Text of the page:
Exodus 6:2 – 9:35; Haftarah: Ezekiel 28:25 – 29:21
We begin with an important left-over from last week’s parasha and focus on the scene at the burning bush with its massively important details that would overshadow the rest of the pentateuch – and indeed the rest of Scripture. We related the scene to the scene at the fall of Adam and Eve in the garden and study God’s revelation to Moses about his divinity. We then progress towards the current week’s parasha by studying the initial interactions of God Moses and Aaron – operating as a unit – with Pharaoh. Finally, we study Moses’ first crisis of faith and the breathtaking response given to him by God.
Scripture references from the episode
“I will put enmity between you and the woman, and between your offspring and her offspring; he shall bruise your head, and you shall bruise his heel.”
(Ex 3:2) St. Gregory of Nyssa
It seems to me that, already, the great Moses knew about this mystery by means of the light in which God appeared to him, when he saw the bush burning without being consumed. For Moses said: “I wish to go up closer and observe this great vision.” I believe that the term “go up closer” does not indicate motion in space but a drawing near in time. What was prefigured at that time in the flame of the bush was openly manifested in the mystery of the Virgin, once an intermediate space of time had passed. As on the mountain the bush burned but was not consumed, so the Virgin gave birth to the light and was not corrupted. Nor should you consider the comparison to the bush to be embarrassing, for it prefigures the God-bearing body of the Virgin.
(Ex 3:2) John of Damascus – On Divine Images:
The burning bush was an image of God’s mother, and when Moses was about to approach it, God said, “Do not come near; put off your shoes from your feet, for the place on which you are standing is holy ground.” Now if the ground where Moses saw an image of the Theotokos is holy ground, how much more holy is the image itself? Not only is it holy, I daresay, but the holy of holies.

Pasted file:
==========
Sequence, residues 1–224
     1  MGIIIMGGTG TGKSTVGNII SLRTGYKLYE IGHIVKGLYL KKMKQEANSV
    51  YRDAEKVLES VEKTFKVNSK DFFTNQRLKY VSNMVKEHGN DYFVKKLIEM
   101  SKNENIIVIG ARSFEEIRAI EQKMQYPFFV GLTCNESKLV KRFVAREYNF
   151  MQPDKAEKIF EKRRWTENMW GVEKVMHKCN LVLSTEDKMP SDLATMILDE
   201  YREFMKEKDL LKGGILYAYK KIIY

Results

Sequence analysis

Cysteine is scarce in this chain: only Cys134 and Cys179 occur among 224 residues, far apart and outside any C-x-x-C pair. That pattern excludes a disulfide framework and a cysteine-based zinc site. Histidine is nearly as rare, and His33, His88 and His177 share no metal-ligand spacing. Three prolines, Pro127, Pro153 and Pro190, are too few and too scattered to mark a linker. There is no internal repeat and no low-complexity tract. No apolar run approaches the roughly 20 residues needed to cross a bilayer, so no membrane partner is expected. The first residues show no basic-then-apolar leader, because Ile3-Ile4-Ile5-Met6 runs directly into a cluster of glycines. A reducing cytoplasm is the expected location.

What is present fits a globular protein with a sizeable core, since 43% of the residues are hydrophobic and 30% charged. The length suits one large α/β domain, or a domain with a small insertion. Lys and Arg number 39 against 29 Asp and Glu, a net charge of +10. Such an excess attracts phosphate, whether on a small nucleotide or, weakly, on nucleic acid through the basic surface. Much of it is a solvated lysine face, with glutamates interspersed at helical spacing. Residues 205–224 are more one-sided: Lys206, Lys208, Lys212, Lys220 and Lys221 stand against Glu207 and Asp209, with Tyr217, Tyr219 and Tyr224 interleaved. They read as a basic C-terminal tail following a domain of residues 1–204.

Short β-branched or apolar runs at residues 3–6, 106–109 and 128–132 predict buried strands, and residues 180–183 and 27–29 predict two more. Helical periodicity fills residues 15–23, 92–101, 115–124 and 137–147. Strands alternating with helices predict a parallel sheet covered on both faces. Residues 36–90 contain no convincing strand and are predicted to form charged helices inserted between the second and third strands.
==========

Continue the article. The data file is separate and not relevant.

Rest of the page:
(Ex 3:4) Peter Chrysologus – Sermon 147
This is why he summons Moses by his fatherly voice, addresses him with paternal love and invites him to be the liberator of his people. Why should I say more? He makes him a god; he sets him up as a god22 before Pharaoh. He makes him a god, fortifies him with signs, arms him with virtues, wins wars through mere commands, grants to him as a soldier victory gained by a mere word. By his orders he concedes him a triumph and leads him through all the crowns of virtues to his own friendship, gives him an opportunity to share in his heavenly kingdom and allows him to be a legislator. However, Moses received all this that he might love—that at length he might be so inflamed with the love of God that he would burn with it himself and encourage others to have it too.
(Ex 4:16) Philo – De mutatione nominum (207-208)
Then as to the words, “This is Aaron and Moses, whom God directed to lead the children of Israel out of Egypt,” and the expression, “These are those who conversed with Pharaoh the king.” Let us not think that they are used superfluously, or that they do not convey some intimations beyond the mere open meaning of the words; for since Moses is the purest mind, and Aaron is his speech (logos).
(Ex 4:16) Philo – De migratione (169)
Aaron is described in the law as the prophet of Moses, being loudly uttered speech prophesying to the mind.
(Ex 4:22) Origen – Commentary on the Gospel of John 28.185
And is there anything more profound to say of Israel, not of nature but of grace, of whom it was written, “Israel is my firstborn son,” when Israel was in dispersion? You yourself will also understand that these are the scattered children of God for whom Jesus was to die in order to gather them together into one.
(Ex 7:1) Jerome – Homilies on the Psalms 14
“I said: You are gods, all of you sons of the Most High.” Let Eunomius hear this, let Arius, who says that the Son of God is son in the same way that we are. That we are gods is not so by nature but by grace. “But to as many as received him he gave the power of becoming sons of God.”10 I made man for that purpose, that from men they may become gods. “I said: You are gods, all of you sons of the Most High.”11 Imagine the grandeur of our dignity; we are called gods and sons! I have made you gods just as I made Moses a god to Pharaoh, so that after you are gods, you may be made worthy to be sons of God. Reflect upon the divine words: “With God there is no respect of persons.”12 God did not say, “I said, you are gods, you kings and princes”; but “all” to whom I have given equally a body, a soul and a spirit, I have given equally divinity and adoption. We are all born equal, emperors and paupers; and we die as equals. Our humanity is of one quality.